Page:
Handling almost 5 million tons of cargo across a network of 117 air cargo centres worldwide, Swissport International has expanded further in the European market by taking a 74.9% shareholding in Dusseldorf Airport’s cargo handling unit, Flughafen Dusseldorf Cargo.
The companies entered a binding agreement in March, the German Merger Control approved the agreement in May and the merger was concluded in September.
Dirk Goovaerts, CEO Continental Europe, Middle East and Africa, and Global Cargo Chair at Swissport, says, “The Dusseldorf joint venture substantially enhances Swissport’s cargo operations in Germany and Europe, emphasising an increase in cargo volumes and the utilisation of synergies. This strategic move promotes operational efficiency, with the warehouse situated at the airport, ensuring quicker handling times for a more streamlined cargo operation.”
Swissport has plans for the facilities in Dusseldorf including an improved truck deck and castor decks. IT systems are being upgraded with the switch to the Cargo Spot cargo management system marking the completion of the operational merger. Handheld computers and kiosk services for customers will be rolled out.
Goovaerts says, “While the focus will remain on airline customers, we believe processes can be expedited by introducing additional services for freight forwarders and other members of the air cargo logistics value chain.”
Being an international company will benefit Dusseldorf’s cargo community, believes Goovaerts, who says, “We believe that Dusseldorf Airport’s cargo services and its customers will benefit from Swissport’s state-of-the-art handling equipment, IT solutions, as well as Swissport’s global network and know-how.”
Swissport is looking at additional joint ventures across Europe, applying the Dusseldorf model. Airports often lack the global network, processes and IT systems to take cargo handling to the next level, believes Goovaerts, and that is where companies like Swissport can help.
He says, “Our goal is to extend our expertise, enhance operational efficiency, and bring our advanced cargo handling capabilities to further locations.”
Something that makes Swissport stand out is its focus on system integration with Goovaerts saying, “We are firmly convinced that we can serve our customers and partners best only when we operate a single digital platform across our global operation and fully commit to improving it on a constant basis.”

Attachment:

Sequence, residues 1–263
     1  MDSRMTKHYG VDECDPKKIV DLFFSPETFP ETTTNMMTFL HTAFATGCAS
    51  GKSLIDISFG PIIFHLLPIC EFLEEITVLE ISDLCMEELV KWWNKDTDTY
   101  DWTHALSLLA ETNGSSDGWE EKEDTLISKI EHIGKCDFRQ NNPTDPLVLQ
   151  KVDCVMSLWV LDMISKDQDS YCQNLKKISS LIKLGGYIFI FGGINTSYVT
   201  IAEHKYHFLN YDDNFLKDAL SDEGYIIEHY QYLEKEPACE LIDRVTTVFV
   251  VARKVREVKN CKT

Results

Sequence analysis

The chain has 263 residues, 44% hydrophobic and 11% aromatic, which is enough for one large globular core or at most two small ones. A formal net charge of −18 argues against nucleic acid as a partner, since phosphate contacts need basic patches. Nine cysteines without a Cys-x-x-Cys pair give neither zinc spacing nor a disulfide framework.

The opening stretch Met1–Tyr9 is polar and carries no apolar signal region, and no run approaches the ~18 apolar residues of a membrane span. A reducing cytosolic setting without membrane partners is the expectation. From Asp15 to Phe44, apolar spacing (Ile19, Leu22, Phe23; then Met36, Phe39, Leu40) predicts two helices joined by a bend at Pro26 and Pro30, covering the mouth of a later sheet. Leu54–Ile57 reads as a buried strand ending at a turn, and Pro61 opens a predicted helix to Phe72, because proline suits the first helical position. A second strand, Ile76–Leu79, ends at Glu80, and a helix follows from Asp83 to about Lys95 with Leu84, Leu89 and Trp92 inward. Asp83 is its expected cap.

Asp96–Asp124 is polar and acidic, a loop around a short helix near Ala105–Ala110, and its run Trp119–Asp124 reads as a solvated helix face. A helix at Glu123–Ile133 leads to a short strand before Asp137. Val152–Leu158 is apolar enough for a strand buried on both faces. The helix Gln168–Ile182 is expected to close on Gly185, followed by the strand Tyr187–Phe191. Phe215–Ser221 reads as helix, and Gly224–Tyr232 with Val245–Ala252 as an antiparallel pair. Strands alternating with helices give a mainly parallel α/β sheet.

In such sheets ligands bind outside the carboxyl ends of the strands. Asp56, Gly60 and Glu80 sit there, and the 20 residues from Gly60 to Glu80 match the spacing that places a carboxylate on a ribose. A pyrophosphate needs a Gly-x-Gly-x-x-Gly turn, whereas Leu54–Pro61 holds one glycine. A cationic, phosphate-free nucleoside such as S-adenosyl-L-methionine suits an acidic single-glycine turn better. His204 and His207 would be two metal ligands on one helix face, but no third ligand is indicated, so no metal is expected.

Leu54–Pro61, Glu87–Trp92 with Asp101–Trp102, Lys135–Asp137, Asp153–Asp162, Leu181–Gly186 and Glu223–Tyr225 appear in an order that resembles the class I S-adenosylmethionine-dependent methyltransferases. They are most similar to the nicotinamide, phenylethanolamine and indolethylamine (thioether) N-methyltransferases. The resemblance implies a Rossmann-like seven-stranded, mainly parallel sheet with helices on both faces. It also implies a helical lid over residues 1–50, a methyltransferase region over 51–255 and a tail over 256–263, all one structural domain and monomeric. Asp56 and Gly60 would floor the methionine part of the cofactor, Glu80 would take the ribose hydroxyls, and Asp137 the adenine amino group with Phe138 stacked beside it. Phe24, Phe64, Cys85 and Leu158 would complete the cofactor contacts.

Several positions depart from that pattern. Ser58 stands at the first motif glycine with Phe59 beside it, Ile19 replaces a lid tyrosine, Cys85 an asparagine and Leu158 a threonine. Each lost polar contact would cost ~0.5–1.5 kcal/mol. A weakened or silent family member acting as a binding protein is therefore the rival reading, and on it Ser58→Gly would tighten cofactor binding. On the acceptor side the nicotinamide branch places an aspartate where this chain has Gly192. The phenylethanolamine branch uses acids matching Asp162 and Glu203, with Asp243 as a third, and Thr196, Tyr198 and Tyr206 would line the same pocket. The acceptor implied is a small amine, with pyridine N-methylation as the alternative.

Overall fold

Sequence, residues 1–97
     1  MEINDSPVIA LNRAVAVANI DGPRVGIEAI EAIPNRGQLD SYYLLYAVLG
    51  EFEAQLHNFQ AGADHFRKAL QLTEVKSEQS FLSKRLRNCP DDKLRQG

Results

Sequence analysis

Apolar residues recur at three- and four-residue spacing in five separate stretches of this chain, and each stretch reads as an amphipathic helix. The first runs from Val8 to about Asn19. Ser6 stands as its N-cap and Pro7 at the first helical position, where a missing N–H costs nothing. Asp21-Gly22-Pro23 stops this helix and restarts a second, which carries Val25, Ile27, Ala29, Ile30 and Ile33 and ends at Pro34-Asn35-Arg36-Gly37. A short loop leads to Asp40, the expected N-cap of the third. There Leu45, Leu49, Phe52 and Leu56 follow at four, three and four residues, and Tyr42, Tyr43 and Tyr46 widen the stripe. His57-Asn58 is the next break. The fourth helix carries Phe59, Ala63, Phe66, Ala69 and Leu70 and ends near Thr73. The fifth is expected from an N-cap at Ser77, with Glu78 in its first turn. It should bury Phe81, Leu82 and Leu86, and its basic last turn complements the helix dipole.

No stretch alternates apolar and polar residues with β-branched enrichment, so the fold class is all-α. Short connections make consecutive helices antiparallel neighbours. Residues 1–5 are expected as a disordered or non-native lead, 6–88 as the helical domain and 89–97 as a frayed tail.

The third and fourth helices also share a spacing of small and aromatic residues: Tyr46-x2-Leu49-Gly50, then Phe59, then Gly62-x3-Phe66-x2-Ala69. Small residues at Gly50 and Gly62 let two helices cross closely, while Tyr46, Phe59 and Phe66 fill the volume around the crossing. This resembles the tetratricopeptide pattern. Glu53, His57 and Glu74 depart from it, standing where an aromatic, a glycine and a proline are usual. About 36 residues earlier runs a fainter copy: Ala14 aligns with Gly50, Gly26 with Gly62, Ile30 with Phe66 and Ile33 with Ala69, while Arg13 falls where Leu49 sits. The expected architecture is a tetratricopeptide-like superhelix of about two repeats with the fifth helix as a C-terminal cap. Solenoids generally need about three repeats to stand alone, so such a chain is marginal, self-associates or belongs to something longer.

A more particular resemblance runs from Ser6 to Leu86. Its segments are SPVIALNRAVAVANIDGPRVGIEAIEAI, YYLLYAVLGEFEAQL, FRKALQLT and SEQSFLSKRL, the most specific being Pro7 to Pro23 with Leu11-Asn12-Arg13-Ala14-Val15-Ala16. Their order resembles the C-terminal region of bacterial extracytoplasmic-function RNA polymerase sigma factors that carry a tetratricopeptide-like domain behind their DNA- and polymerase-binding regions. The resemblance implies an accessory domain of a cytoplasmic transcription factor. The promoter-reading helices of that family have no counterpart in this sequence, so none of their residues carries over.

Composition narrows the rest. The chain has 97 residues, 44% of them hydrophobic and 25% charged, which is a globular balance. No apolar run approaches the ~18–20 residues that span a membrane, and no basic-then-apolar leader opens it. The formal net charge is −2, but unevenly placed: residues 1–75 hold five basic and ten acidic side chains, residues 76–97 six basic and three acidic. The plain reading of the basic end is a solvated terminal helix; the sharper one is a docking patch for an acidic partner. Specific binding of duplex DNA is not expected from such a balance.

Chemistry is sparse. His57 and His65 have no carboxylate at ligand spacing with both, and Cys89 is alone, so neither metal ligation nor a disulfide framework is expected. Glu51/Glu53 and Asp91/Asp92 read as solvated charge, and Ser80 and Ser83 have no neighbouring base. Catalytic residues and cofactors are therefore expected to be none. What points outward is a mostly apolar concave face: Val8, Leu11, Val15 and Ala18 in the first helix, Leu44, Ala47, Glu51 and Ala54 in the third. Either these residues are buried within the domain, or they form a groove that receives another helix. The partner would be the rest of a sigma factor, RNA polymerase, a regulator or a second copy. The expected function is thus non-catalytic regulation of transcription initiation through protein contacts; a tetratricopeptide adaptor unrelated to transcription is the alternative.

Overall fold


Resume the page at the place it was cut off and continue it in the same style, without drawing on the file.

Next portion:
Drive to decarbonise
Sustainability is at the core of decisions for Swissport and its customers. Swissport announced its Sustainability Agenda last year, which included ESG measures to decarbonise operations, avoid waste in all areas of business and make Swissport more attractive as an employer.
Fossil fuel powered vehicles are a major source of carbon emissions; Swissport has the target of cutting CO2 emissions by at least 42% by 2032 and aims for at least 55% of it fleet to be electrically powered to reach this goal.
Mandatory waste-avoidance will be part of Swissport’s waste management policy, which will be rolled out at 120 air cargo centres by 2027.
By the end of 2021, 16.5% of equipment was either electric or hybrid power.
Goovaerts says Swissport integrates sustainability goals with decision-making processes, saying, “Our commitment extends to investing in comprehensive training programs and cutting edge equipment to ensure the safety and well-being of our employees. Our dedication spans environmental protection, health, safety and the quality of our services.”
Diversity is an area of focus; one third of employees are female, exceeding IATA’s target of 25% and the same share has been reached in the Global Management Team.
Initially the aim was for women to make up at least 25% of leadership below the C-level with Swissport aiming for 40% in the next few years.
“To meet our environmental, social, and governance (ESG) goals, we actively seek collaboration with local industries whenever possible. This spirit of collaboration not only reinforces our commitment to sustainability, but also strengthens our ties to the communities in which we operate,” he says.
Goovaerts admits 2023 has been a difficult year for air cargo with China not contributing to tonnage as it had in previous years, which hurt imports. Exports did better in the second half of the year.
“In a challenging environment, Swissport Cargo demonstrated notable success by extending services to additional customer groups, such as air cargo forwarders. With our expanded service portfolio and strengthened market position we have a positive outlook on 2024,” he says.
Despite the challenges, the outlook is still good for Europe, with Goovaerts adding, “It is currently one of the geographies where we can offer our widest and most intensive network to our customers and we will continue to grow together with them as volumes continue their path of recovery.”